Cowboys and Indians

My older son spent a summer working on the floor  when he was in HS. He was evidently scarred or at least struck with a practical joke that he observed several times that summer. He reminded me of the event several days ago.

Prior to 9/11 most exchange floors had fairly easy access for visitors assuming they had some connection with somebody on the floor. Typically, options floors were easier to access than equity floors. The average floor age on options floors is substantially younger than that on equity floors.

A typical young (read under 30) visitor who has never been on an exchange floor, is generally in awe of the noise and pandemonium that occasionally occurs. The film (movie to my generation) Trading Places typifies the high point of the trading day. Some news event triggers excitement in a trading crowd and that feeling emanates out to those watching but uninvolved. Even long time floor dwellers will gather to watch an active crowd.

Due to the manic, depressive nature of floor operations during slow periods, the floor population looks for outlets.

When a young and hopefully “deer in the headlights” kind of visitor is on the floor and hopefully totally mesmerized by the blinking screens and noise level, some under-employed clerk will have a brainstorm. A quick check of the victims shoes to determine if they have thick and hard heels-then some quick work with scissors, stapler and scotch tape and voila-a small but real looking set of paper spurs. Step two requires the perpetrator to get behind the intended victim and to get down on his knees. The true art is the spur makers ability to attach the spurs to the shoes of the victim without the about to be cowboy feeling or realizing what is happening. Scotch tape works wonders and an experienced cowboy maker can attach a spur to each foot in under 15 seconds.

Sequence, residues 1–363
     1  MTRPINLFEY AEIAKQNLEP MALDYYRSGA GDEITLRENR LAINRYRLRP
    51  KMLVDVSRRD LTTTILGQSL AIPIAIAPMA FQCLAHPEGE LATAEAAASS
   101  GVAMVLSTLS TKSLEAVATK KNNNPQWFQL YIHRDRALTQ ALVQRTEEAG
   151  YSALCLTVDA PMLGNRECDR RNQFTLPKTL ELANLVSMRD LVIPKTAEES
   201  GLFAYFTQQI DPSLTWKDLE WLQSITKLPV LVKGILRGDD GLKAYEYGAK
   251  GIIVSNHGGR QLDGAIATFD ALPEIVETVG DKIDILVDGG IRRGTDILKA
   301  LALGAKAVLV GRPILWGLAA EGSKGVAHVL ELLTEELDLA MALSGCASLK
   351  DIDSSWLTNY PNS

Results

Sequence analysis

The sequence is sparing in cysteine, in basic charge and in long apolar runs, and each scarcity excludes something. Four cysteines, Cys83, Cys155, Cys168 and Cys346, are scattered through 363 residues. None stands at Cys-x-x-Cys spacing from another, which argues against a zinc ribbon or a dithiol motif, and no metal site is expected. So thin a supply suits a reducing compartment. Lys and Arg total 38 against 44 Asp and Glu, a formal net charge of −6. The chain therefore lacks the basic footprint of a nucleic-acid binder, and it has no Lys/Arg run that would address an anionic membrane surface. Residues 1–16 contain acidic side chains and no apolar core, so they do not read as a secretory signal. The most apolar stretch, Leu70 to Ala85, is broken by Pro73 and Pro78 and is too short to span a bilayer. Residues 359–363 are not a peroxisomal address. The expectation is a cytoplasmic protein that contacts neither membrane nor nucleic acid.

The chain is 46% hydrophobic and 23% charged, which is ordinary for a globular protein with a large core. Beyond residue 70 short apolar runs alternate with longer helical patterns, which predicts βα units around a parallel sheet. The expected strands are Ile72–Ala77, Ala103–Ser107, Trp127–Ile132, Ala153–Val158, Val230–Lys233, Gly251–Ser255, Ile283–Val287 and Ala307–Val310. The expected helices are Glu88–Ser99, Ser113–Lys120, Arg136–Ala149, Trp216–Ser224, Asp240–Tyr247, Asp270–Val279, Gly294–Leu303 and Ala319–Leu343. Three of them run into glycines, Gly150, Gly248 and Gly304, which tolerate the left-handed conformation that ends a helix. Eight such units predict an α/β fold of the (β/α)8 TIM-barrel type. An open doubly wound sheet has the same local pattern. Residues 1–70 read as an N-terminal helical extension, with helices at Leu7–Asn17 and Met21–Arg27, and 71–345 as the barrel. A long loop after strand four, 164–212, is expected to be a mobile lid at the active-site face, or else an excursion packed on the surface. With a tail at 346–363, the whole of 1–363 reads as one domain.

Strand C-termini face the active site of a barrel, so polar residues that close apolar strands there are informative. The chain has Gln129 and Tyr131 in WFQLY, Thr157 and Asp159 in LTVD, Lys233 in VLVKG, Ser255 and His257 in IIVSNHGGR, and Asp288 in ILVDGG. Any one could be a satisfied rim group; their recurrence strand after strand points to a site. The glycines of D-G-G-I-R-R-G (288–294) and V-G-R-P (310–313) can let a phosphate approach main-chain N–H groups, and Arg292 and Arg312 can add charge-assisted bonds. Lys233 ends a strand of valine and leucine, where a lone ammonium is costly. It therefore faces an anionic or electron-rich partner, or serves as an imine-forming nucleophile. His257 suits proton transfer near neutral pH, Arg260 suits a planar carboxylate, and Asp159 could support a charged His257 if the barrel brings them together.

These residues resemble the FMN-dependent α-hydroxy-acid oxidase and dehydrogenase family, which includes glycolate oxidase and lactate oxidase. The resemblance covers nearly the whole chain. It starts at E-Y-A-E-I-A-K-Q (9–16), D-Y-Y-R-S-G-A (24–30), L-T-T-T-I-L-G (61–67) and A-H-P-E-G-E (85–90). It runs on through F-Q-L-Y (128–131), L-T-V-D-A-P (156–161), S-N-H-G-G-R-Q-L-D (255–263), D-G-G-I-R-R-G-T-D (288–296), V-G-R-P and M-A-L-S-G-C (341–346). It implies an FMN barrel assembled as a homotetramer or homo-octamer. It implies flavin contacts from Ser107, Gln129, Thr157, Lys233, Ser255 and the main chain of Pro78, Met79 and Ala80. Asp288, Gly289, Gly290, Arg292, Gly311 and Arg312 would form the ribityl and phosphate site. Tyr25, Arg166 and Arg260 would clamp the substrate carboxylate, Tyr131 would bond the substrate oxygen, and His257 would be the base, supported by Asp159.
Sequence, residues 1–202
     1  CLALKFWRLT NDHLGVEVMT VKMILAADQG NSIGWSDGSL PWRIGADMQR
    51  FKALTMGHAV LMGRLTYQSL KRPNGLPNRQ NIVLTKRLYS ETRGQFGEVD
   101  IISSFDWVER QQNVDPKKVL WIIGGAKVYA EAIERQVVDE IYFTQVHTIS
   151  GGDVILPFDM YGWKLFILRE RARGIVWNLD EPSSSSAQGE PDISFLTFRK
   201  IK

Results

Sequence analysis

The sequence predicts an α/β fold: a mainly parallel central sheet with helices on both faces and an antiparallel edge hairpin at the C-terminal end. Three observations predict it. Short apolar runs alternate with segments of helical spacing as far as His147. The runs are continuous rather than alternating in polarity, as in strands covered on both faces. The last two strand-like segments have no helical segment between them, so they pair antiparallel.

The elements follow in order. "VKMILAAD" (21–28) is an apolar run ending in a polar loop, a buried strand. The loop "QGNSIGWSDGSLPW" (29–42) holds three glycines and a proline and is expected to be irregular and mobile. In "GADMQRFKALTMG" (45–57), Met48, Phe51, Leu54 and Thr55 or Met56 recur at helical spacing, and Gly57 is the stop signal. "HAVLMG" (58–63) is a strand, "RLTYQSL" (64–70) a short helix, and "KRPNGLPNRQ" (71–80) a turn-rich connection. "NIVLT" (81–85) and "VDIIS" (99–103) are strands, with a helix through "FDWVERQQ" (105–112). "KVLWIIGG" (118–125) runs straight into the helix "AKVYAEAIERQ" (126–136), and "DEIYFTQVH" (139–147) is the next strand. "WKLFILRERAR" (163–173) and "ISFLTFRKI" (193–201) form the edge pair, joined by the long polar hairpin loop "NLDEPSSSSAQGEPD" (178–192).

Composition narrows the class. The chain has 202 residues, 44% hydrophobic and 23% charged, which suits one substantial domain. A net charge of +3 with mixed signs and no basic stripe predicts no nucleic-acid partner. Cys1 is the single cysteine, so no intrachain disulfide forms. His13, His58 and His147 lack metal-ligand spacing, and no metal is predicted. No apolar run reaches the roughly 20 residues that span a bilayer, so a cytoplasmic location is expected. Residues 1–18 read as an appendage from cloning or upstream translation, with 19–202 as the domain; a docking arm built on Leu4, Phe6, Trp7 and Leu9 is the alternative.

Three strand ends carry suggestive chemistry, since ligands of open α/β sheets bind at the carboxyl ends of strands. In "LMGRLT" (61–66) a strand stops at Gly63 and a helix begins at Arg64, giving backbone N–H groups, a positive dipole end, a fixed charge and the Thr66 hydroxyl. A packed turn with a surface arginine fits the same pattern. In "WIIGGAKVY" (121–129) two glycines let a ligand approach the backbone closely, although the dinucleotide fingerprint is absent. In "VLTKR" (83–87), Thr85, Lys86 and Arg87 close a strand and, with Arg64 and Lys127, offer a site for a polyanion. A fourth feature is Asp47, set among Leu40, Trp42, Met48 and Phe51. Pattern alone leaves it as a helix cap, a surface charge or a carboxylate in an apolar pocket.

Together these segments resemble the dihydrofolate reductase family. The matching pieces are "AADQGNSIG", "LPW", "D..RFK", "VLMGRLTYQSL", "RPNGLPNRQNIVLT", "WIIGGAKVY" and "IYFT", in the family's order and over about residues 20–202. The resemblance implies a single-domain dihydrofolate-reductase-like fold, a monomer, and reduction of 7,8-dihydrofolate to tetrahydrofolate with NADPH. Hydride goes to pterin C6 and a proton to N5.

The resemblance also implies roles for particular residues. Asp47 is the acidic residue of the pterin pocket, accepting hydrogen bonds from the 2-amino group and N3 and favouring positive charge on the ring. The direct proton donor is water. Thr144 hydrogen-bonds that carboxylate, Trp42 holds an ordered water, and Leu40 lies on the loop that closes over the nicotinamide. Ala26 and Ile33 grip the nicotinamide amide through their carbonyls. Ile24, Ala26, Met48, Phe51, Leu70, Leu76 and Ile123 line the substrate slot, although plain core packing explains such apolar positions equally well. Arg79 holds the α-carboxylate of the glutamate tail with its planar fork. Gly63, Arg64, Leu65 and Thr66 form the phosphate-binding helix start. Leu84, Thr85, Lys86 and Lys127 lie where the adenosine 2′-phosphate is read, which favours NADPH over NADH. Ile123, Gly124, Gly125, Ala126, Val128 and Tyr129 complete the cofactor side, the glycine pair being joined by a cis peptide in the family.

In the event that the victim is wearing sandals or some other kind of floor inappropriate shoe, the paper cutter can easily shape a tomahawk at right angles to a round paper disk. With a red magic marker it can be made to appear as though the hatchet has drawn blood when placed in the middle of the victims back with scotch tape. I hardy slap on the back accomplishes the feat along with a hardy “how are you.” The third and most difficult part of the triage is the attaching of a paper holster and gun to the victim. A chain of paper clips with a bent end on either end-when hooked in a jacket pocket and stringing behind the back-provides the needed gun belt.

Once the paraphenalia is in place, someone always starts singing a popular cowboy song. Home on the Range or whatever. The entire crowd quickly picks it up and a chorus ensues. Amazingly the victim has no clue that he/she is a victim and in some instances the “deer” joins in the chorus. As the visitor continues on the tour of the floor, other crowds pick up the song and the visitor can be regaled and entertained for the entire visit.

I have seen visitors leave the building still adorned and surprised when somebody walking by on the street, points out that they have something stuck on their shoe or back.


2 Responses to “Cowboys and Indians”

  1. 1 stephen o'grady December 3, 2006 at 11:28 pm

    that always was one of my favorites. who says floor folks aren’t creative?

  1. 1 links for 2006-12-04 at tecosystems Trackback on December 4, 2006 at 5:25 am

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